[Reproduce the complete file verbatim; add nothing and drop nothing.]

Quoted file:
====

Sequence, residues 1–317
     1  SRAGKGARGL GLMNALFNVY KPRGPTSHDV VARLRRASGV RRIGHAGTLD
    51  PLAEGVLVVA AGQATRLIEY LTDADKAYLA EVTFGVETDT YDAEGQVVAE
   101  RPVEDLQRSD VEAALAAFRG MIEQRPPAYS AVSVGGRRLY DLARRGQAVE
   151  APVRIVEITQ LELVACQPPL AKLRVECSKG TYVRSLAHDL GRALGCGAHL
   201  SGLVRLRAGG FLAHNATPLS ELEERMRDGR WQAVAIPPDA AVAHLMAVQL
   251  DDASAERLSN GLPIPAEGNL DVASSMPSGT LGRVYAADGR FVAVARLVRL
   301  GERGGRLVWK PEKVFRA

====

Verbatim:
Sequence, residues 1–317
     1  SRAGKGARGL GLMNALFNVY KPRGPTSHDV VARLRRASGV RRIGHAGTLD
    51  PLAEGVLVVA AGQATRLIEY LTDADKAYLA EVTFGVETDT YDAEGQVVAE
   101  RPVEDLQRSD VEAALAAFRG MIEQRPPAYS AVSVGGRRLY DLARRGQAVE
   151  APVRIVEITQ LELVACQPPL AKLRVECSKG TYVRSLAHDL GRALGCGAHL
   201  SGLVRLRAGG FLAHNATPLS ELEERMRDGR WQAVAIPPDA AVAHLMAVQL
   251  DDASAERLSN GLPIPAEGNL DVASSMPSGT LGRVYAADGR FVAVARLVRL
   301  GERGGRLVWK PEKVFRA